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In ancient times, Pompeii was one of the largest cities in the Roman Empire. Its 20,000 inhabitants lived in the shadow of Vesuvius, which they believed was a mountain. But Vesuvius was an active volcano, and within twenty-four hours of its eruption, the city was destroyed. Hundreds of years later, archaeologists unearthed what was buried under the rubble. The most unexpected and extraordinary discovery? The imprints of Pompeiians, their deaths captured as if by photographic images in volcanic ash.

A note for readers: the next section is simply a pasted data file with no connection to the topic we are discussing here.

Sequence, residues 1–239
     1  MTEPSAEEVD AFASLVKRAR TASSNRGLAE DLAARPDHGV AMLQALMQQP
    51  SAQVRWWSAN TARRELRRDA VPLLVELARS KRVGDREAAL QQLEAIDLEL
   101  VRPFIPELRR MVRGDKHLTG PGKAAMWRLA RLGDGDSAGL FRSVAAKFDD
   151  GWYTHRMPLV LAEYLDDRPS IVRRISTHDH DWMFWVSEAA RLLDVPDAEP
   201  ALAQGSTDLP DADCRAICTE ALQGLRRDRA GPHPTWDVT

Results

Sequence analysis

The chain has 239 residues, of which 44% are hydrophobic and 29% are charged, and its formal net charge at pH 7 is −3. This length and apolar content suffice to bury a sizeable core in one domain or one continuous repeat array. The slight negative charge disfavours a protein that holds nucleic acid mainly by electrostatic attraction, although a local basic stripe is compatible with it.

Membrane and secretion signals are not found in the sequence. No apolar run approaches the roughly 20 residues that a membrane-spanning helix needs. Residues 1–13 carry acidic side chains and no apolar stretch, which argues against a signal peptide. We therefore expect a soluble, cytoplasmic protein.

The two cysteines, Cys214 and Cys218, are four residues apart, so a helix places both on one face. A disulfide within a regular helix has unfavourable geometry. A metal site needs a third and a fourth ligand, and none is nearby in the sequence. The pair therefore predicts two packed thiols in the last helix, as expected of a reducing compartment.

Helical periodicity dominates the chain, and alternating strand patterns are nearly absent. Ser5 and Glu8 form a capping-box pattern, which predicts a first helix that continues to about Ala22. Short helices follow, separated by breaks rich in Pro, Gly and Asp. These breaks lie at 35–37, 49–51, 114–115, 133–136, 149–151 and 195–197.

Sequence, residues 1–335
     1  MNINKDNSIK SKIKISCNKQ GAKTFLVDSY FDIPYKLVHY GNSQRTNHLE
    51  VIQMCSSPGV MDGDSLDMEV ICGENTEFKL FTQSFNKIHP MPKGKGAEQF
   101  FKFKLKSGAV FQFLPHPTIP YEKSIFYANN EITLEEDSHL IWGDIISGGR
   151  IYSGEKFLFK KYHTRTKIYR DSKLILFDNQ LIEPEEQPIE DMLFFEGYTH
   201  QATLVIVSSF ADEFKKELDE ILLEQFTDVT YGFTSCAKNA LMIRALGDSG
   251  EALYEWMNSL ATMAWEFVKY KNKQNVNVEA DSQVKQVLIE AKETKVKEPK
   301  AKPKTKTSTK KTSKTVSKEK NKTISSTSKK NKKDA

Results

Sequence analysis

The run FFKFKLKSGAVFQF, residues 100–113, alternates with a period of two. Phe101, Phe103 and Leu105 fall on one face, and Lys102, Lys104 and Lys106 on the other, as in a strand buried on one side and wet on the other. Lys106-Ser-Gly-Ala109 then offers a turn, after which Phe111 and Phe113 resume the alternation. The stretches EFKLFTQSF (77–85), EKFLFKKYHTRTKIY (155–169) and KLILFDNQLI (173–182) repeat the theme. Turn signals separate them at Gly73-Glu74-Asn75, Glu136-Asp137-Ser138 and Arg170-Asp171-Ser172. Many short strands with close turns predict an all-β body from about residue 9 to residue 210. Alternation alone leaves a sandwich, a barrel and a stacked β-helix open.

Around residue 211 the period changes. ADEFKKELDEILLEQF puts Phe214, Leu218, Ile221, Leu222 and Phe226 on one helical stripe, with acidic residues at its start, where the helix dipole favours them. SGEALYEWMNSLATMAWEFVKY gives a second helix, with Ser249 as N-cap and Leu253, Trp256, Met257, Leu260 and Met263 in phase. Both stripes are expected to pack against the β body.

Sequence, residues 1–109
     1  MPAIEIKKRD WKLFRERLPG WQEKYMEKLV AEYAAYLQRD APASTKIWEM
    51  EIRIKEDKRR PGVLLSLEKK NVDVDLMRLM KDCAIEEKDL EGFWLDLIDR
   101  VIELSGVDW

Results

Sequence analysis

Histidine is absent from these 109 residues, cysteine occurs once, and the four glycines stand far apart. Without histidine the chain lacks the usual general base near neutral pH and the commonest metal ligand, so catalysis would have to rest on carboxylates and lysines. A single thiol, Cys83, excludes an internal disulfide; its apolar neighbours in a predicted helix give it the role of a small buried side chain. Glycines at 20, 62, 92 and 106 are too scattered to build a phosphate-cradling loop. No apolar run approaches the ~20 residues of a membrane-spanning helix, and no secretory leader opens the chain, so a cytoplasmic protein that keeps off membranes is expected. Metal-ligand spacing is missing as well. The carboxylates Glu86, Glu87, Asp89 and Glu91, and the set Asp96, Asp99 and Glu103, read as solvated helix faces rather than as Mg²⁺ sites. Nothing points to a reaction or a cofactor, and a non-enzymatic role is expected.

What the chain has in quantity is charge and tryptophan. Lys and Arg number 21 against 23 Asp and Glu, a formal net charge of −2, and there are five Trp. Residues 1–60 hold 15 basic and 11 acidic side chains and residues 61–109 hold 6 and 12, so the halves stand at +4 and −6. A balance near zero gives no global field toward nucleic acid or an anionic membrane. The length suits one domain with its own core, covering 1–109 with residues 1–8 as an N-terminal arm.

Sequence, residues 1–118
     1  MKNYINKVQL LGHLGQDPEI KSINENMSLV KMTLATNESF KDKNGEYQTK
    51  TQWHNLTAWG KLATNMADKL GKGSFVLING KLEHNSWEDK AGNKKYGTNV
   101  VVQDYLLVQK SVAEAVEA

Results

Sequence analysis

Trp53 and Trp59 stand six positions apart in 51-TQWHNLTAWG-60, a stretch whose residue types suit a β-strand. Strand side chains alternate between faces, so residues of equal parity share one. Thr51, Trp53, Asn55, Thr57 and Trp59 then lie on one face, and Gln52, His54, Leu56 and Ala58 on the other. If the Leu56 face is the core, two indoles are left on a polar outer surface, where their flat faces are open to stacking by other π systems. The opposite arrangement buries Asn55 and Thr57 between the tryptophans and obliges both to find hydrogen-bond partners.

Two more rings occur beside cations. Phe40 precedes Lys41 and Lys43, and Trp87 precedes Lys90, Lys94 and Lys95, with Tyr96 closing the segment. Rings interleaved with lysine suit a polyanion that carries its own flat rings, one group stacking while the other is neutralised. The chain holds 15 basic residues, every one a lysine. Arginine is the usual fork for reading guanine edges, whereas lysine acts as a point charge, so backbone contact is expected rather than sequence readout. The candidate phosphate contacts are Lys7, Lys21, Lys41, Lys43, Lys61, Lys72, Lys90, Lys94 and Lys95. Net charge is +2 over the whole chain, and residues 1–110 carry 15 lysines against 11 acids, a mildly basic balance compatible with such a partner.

About the Author
James M. Deem is the author of numerous books for young readers, including 3 NB of Julian Drew, Bodies from the Ice: Melting Glaciers and the Rediscovery of the Past, and Faces From the Past. Mr. Deem lives outside of Phoenix, Arizona.
"With incredibly engrossing images and narrative, this is a powerful and poignant piece of nonfiction."–School Library Journal, starred School Library Journal, Starred
"The jewels here are the numerous black-and-white (and some color) photographs. . . . Excellent for browsers as well as researchers." ––Booklist Booklist, ALA